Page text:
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PTSD victim’s wife recalls bad experience with new VA Medical Center


Alexander Nogales’ wife called 911 when the Vietnam War veteran started shaking and was having trouble breathing.

She quickly realized that the medications he had been prescribed at the Veterans Affairs Medical Center to quell his war-stress anxiety would be information that first responders and doctors would need to treat him for the complications he was having from Agent Orange toxins in his blood.

The logical next step, she figured, would be for an ambulance to take him to an emergency room, hopefully to the new North Las Vegas VA Medical Center, where his records are and the staff is more accustomed to caring for patients who suffer from post-traumatic stress disorder.

But when the ambulance arrived on that Sunday, Feb. 9, he was taken to Mountain View Hospital because the law mandates that patients with life-threatening conditions be transported to the nearest emergency room.

When he arrived, the Mountain View staff immediately put him on a ventilator and sedated and restrained him because he was combative though Linda Nogales tried to explain that he was a disabled PTSD veteran on strong medications.

“Because it was the weekend, they couldn’t get his records from the VA for three days,” she wrote in an email to the Las Vegas Review-Journal last week. “Meantime, he was withdrawing from heavy daily doses of (morphine) … as well as sleeping pills with mood elevators.”

She said she considered having him transferred to the VA Medical Center “where all his doctors and records are, but incredibly, even if that was a good idea, the VA can’t get ambulances to bring them (patients) due to a ‘ramp’ dispute.”

She was referring to problems ambulance companies face when they take veterans to the medical center and must park curbside then move the patient roughly 50 yards to the emergency room door instead of stopping at a drop-off ramp near the door.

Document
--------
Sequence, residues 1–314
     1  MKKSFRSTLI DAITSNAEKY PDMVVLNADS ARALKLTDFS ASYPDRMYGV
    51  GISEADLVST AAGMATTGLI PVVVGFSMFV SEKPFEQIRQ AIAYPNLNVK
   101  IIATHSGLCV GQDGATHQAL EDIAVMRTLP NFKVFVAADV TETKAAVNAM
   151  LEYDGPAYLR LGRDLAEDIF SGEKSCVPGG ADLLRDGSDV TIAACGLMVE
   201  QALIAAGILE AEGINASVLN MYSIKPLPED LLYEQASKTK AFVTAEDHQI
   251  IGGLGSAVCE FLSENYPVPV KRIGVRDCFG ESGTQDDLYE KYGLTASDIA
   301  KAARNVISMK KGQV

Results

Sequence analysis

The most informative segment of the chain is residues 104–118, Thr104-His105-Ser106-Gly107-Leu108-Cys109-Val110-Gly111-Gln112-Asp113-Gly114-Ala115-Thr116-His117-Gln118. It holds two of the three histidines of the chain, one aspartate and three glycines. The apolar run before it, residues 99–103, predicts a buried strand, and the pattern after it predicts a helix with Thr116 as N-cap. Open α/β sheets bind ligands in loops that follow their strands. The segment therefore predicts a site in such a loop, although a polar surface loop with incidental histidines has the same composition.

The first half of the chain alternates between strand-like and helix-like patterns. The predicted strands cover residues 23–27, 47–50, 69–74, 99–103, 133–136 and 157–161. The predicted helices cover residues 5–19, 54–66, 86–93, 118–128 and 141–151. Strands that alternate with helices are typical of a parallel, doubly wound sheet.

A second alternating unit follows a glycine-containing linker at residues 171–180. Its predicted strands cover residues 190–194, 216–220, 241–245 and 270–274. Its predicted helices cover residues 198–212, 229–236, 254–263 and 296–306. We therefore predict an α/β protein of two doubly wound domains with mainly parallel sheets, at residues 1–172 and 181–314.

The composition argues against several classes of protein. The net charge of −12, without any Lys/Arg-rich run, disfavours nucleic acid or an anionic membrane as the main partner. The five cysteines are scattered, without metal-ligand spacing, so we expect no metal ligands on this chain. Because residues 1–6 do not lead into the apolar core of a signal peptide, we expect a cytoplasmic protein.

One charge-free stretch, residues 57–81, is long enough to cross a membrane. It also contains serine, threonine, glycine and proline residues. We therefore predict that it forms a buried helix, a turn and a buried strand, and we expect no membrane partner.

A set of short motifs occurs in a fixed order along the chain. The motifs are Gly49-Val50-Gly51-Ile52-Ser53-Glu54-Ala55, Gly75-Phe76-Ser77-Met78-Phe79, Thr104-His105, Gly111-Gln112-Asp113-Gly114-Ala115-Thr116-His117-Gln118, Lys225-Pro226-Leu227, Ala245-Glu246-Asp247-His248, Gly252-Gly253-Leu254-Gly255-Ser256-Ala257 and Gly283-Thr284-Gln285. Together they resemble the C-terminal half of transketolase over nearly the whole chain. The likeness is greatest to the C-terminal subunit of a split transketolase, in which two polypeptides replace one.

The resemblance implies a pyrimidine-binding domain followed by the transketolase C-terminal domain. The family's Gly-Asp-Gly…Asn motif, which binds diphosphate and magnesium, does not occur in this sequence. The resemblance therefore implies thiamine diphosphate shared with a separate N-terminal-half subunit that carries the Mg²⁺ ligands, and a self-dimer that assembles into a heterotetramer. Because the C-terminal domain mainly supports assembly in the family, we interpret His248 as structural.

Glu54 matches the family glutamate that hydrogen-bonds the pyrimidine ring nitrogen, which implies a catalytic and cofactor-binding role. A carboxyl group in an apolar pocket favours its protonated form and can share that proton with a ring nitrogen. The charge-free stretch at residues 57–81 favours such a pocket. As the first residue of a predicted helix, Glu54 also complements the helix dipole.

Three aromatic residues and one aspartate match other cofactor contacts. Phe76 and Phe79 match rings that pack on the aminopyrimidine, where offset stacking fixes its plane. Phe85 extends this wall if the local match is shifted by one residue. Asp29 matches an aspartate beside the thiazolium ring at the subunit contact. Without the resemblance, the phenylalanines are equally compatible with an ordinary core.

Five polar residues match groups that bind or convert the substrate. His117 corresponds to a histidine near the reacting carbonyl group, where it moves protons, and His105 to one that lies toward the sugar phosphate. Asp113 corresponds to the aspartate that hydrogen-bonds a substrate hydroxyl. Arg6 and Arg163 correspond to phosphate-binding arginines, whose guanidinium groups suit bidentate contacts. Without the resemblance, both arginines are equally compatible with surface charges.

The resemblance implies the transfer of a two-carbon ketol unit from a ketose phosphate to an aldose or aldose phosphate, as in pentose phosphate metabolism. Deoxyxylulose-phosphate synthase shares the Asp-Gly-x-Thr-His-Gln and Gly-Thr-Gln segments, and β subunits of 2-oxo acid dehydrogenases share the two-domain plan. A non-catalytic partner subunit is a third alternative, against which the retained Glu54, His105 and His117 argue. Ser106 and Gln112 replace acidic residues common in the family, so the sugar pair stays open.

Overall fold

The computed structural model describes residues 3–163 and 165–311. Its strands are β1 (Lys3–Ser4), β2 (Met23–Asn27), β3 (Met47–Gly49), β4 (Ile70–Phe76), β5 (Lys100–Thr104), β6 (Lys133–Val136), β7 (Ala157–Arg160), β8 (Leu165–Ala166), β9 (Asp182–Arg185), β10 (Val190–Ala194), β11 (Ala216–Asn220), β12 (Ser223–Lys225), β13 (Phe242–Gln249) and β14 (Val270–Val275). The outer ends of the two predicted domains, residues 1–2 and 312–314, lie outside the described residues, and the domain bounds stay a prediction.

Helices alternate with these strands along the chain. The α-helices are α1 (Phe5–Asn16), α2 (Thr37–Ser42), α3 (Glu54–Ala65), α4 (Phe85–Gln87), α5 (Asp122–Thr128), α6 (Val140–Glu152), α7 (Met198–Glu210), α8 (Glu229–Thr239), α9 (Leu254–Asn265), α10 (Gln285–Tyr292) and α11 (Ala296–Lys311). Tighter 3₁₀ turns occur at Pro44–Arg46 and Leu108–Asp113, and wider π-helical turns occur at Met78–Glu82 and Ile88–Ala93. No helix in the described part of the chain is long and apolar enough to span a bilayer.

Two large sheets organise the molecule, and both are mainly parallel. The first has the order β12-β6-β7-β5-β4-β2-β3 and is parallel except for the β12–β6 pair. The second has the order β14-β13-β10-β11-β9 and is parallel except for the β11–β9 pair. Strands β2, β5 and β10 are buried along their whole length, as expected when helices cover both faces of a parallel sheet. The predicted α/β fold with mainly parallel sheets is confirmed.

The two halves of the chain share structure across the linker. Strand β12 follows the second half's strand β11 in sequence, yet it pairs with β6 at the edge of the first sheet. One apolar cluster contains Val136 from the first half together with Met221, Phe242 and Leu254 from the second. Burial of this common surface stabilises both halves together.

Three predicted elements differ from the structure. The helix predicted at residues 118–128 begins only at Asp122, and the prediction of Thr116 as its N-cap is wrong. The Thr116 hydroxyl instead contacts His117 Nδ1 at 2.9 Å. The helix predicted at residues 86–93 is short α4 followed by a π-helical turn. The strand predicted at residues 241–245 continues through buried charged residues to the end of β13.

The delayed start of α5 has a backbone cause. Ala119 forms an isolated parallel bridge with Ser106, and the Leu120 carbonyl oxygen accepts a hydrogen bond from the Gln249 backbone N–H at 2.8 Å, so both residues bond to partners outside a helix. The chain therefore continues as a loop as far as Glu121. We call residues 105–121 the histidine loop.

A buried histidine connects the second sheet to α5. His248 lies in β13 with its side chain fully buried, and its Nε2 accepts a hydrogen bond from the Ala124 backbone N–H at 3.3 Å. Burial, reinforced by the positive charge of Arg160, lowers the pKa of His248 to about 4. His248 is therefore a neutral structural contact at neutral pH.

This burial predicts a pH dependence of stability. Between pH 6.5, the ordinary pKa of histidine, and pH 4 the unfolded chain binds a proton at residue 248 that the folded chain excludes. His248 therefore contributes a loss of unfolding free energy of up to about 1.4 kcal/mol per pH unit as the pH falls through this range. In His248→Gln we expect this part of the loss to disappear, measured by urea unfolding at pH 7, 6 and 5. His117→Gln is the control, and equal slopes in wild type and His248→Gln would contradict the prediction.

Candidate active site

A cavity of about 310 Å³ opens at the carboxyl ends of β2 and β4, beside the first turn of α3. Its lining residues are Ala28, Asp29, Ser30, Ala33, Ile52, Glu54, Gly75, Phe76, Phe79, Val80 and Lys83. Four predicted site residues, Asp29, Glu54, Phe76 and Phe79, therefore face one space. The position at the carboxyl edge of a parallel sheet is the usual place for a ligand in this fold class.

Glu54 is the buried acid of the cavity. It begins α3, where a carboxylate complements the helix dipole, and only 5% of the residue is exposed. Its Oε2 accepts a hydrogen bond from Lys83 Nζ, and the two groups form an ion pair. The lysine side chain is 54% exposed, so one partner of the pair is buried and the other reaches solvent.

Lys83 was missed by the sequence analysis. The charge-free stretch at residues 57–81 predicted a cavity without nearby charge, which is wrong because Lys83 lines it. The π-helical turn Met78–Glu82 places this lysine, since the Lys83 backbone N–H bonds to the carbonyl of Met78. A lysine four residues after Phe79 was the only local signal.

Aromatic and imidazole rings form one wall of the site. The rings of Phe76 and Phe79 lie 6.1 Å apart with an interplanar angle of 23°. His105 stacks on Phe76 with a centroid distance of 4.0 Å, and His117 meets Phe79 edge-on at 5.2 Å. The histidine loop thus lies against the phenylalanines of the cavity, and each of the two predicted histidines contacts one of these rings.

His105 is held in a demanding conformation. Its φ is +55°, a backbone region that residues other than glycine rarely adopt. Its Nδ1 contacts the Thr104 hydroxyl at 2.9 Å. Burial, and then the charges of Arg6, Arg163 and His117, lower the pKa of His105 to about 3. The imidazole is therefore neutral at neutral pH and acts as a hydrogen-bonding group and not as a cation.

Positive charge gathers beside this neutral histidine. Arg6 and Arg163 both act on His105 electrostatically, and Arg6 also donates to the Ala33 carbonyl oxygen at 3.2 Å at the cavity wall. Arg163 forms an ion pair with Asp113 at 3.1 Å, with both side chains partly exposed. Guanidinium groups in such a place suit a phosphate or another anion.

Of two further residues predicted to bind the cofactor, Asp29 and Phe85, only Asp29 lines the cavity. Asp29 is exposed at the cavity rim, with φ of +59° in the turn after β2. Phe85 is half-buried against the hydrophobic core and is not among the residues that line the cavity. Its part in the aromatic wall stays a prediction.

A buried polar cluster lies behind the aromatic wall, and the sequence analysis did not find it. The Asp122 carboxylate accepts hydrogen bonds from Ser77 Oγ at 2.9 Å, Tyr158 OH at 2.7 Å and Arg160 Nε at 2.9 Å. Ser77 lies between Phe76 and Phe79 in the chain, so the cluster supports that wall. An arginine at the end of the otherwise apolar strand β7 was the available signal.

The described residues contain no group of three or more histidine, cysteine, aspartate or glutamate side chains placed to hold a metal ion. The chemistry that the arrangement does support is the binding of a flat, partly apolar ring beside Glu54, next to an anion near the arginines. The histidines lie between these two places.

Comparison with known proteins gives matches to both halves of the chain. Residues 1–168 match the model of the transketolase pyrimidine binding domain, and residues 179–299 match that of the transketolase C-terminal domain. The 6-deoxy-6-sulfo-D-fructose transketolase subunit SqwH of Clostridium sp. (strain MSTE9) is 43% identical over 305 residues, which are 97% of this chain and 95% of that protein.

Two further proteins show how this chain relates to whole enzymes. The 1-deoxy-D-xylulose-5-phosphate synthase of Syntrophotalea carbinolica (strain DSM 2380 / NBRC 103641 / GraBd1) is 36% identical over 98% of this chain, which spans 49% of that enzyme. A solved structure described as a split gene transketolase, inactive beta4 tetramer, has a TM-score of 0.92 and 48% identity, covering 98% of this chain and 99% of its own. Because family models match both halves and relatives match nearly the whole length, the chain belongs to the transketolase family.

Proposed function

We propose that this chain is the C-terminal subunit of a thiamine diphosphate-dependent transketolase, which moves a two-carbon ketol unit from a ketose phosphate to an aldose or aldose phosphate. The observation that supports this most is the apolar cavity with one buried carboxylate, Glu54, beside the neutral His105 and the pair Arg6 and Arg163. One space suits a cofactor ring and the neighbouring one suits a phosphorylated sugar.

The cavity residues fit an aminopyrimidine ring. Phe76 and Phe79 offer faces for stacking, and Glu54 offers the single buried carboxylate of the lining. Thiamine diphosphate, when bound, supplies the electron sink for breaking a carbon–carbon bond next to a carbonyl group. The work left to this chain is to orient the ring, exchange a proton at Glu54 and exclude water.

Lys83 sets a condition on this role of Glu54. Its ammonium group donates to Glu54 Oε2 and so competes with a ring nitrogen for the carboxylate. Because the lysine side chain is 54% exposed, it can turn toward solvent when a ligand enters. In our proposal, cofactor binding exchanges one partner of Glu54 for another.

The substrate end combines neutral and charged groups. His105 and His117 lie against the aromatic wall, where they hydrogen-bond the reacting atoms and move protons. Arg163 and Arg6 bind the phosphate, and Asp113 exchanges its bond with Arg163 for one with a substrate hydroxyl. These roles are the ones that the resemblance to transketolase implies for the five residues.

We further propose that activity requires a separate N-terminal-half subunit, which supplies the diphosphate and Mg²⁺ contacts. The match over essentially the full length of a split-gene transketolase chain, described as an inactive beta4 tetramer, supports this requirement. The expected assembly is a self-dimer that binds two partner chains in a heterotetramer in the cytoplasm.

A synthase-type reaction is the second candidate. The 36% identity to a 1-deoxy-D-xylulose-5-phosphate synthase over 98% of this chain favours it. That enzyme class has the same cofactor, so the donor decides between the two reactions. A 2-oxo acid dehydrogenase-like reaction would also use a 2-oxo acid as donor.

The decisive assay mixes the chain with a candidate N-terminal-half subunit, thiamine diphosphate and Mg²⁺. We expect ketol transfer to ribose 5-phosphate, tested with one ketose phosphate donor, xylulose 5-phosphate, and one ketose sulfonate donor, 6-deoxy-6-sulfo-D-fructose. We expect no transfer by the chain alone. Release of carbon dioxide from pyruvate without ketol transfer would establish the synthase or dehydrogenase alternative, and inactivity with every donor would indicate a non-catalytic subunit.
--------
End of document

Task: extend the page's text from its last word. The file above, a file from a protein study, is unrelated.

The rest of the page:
A spokesman for the VA Medical Center said a “ramp wouldn’t have any bearing on this whatsoever. In an emergency, an initial assessment is done and patients are taken to the closest facility that can provide the care a patient needs in order to save life or limb,” the spokesman, Richard Beam, said in an email to the office of Rep. Dina Titus, D-Nev.

Titus, a member of the House Veterans Affairs Committee, had been alerted about Alex Nogales’ episode.

Beam said a patient such as Nogales would be transferred from an outside hospital to the VA facility as soon as the veteran becomes medically stable.

“The only limitation is if we have an appropriate bed available for the particular medical need.”

Nogales, a 100 percent disabled Marine veteran, never made it to the VA Medical Center. He had successful surgery Sunday at Mountain View to ease his breathing problem. He was billed $1,099 for the ambulance transport, and he has racked up “hundreds of thousands” of dollars in medical bills at Mountain View that his wife said she expects the VA will pay.

Meanwhile, despite “several desperate phone calls” she made to her husband’s VA doctor when his condition became a crisis, she didn’t hear from her until she called to apologize on Monday.

The doctor had been on vacation and told her that the VA’s computers had been down and she couldn’t read his test results before she left.

His problems might have been detected earlier if the lab results from blood tests taken on Feb. 5 had been reviewed, Linda Nogales said.

 

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